Trade war: India can gain in the long term – Here is how

By: | Updated: December 6, 2018 7:19 AM

While there is a case for increased agri-exports to China, India has healthy prospects when it comes to Chinese firms looking to relocate production.

One of the expected outcomes of the US-China tariffs and counter-tariffs is that both would look to source imports from elsewhere.

The ceasefire announced by the US and China on mutual escalation of tariffs at the G20 Summit at Buenos Aires might only be temporary. It is also not clear if they will withdraw the tariffs they have already raised. These tariffs have begun hurting countries and businesses. At the same time, there are also opportunities that might arise for several countries, including India.

One of the expected outcomes of the US-China tariffs and counter-tariffs is that both would look to source imports from elsewhere. This is inevitable as their respective imports become more expensive. Nomura’s study on the import-substitution impact of more than 7,000 trade items subjected to tariffs in the US-China trade-spat points to Malaysia, Japan and Pakistan as the likely largest beneficiaries of import-substitution. Prospects of greater sourcing from India are relatively less. Several Southeast Asian countries—Thailand, Philippines, Vietnam, Indonesia and Cambodia—are also expected to benefit more than India. This is largely due to the nature of imports that have been subjected to tariffs by the US and China.

US exports of food, beverages and vehicles to China have been the hardest hit, while Chinese exports of electrical equipment, appliances, components and machinery to the US have been similarly affected. Most of these items are manufactured products, which are largely assembled and rolled out from Southeast Asia, Japan and Taiwan. It is hardly surprising therefore that import-substitution by large markets like the US and China would benefit these countries.

India’s limited chances of benefitting through import substitution are from likely Chinese efforts to shift to alternative cheaper sources of agricultural imports. India might emerge as a potential location for greater import of soybean by China, though the bulk of such ‘new’ imports might be sourced from Brazil and Argentina. An industry-specific impact study of US tariffs against China by Fitch Solutions highlights these possibilities. It also notes the difficulties for China’s agri-business supply chains that are dependent on US imports. For India, this could be an opportunity for negotiating with China for greater market access of some more of its agricultural exports. Relaxation of quality barriers by China for rice and fish oil exports from India points to the increasing leverage it has obtained with China in agricultural exports. It can be capitalised further.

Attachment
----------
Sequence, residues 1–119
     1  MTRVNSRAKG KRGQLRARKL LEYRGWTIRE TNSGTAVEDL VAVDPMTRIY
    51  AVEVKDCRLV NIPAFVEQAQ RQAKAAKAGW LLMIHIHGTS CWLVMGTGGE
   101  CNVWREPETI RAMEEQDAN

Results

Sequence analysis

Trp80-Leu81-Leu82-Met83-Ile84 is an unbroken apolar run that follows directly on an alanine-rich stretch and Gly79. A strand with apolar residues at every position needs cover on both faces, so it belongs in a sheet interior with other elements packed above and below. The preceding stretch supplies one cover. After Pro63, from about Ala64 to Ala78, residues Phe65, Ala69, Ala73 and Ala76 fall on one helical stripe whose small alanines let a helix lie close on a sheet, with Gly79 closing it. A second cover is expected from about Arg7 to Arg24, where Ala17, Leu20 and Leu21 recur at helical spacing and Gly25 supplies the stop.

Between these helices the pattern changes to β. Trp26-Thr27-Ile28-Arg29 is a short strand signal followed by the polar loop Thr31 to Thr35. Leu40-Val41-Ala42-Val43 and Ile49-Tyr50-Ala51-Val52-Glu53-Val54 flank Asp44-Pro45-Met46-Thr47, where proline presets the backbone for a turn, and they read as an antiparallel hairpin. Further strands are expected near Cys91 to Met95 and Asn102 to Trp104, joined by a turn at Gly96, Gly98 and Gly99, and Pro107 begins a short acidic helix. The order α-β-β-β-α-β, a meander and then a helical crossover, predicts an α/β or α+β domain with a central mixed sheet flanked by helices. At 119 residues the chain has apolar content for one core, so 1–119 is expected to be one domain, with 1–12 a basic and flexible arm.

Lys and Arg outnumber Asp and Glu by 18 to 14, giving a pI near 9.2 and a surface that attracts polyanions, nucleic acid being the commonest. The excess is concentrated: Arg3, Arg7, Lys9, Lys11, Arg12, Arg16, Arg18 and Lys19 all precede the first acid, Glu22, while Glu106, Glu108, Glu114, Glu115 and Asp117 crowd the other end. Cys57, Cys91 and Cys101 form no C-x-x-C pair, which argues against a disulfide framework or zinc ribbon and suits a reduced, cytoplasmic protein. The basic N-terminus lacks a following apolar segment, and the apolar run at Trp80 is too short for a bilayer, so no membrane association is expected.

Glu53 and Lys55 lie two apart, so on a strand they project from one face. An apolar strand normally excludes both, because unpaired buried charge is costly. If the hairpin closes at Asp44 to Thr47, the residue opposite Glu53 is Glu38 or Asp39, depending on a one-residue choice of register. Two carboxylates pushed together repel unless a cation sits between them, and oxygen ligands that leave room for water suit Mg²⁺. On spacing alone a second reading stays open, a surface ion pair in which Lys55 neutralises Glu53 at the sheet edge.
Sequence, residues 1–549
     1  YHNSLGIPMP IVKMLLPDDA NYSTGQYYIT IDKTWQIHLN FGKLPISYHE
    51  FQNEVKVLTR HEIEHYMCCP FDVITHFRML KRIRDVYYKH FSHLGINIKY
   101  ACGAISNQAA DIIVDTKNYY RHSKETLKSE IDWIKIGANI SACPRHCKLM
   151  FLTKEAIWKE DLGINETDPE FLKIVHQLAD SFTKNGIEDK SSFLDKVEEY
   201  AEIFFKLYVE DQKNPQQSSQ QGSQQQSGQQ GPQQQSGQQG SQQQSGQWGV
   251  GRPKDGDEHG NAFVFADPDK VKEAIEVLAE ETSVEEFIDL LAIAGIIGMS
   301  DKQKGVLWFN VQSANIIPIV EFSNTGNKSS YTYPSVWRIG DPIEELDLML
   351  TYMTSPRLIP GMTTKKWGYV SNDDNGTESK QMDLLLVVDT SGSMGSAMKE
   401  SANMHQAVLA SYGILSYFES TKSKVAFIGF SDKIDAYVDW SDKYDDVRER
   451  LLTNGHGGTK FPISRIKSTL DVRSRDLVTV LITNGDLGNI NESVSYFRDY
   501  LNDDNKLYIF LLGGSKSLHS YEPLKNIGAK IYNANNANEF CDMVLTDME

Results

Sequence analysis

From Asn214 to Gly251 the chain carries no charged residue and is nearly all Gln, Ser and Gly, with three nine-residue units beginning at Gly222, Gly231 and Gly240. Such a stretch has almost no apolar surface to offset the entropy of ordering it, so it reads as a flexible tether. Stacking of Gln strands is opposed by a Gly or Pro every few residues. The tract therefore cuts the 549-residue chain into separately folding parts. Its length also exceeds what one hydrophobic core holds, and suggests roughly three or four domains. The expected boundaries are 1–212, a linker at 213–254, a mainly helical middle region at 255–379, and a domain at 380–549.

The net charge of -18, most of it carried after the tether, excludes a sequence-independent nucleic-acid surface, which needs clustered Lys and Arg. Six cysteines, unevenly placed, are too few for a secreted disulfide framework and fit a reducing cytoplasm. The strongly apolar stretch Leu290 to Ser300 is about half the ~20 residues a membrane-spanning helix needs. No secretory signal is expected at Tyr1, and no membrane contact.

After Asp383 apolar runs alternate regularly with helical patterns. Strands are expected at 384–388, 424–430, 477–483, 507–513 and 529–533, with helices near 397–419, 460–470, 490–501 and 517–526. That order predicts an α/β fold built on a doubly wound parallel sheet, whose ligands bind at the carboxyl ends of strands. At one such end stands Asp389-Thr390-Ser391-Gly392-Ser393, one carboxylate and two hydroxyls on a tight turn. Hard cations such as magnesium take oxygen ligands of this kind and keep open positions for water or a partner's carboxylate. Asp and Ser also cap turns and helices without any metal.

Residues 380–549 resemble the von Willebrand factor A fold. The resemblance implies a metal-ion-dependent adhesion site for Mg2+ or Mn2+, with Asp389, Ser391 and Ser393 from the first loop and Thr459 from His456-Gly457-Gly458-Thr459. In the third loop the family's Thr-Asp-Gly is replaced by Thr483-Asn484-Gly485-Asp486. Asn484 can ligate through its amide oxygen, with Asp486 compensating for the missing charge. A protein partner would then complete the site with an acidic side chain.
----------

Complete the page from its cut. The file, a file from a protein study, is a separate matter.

India, though, can be a bigger beneficiary of the US-China trade-spat in the long term. Assuming the tariffs that have been imposed are maintained by the US and China, both countries would gradually witness greater relocation of supply chains. Businesses, seeking to avoid tariffs while exporting from China to the US, and vice-versa, would have incentives to export to these countries from other locations. In this regard, Nomura’s findings on production relocation possibilities point to greater benefits for India. Indeed, while Vietnam tops the list of Asian countries likely to benefit from long-tern relocation of final product assembling, India follows after Vietnam, Malaysia and Singapore.

What explains the difference in India’s prospects between short-term import-substitution and long-term business relocation? A part of it is obviously in the nature of industries that are likely to be relocated. Automobiles are a good example. If India can succeed in keeping tariffs low on vehicles it exports to the US, it can expand as a hub for export-oriented auto assembling. It can similarly benefit as a centre for electrical and electronic equipment, once some of these are relocated from China. At the same time, however, Vietnam and Malaysia are clearly ahead of India in snatching more of the relocation, because of their lower costs and better infrastructure.

In the short-term, import substitution efforts would be on getting cheaper alternative imports, irrespective of locations. These would be driven by efforts of state agencies to procure from options worldwide. But longer term production relocation decisions would be taken by transnational businesses, after long hard looks at specifics of various locations. Countries with relatively poor business rankings might suffer. South Asian countries are lagging behind in this regard. More specifically, when it comes to parameters reflecting progress in trade facilitation resulting in lowering of trade costs, South Asia as a region has a long way to go. But India has recorded improvements. Compared with a ‘hot’ investment location like Vietnam, which is ranked overall at 69 in ease of doing business whereas India is at 77, India fares better in the indicator of ‘trading across borders’ (80 for India, 100 for Vietnam). If the improvement is sustained then India can effectively compete with Vietnam in emerging as an important relocation spot.

At this stage, though, much of the expectations would depend on the prolongation of the trade war and India’s ability to keep reducing trade and domestic business costs. India’s benefits from the trade war are in the longer term and it has to prepare for the long haul.

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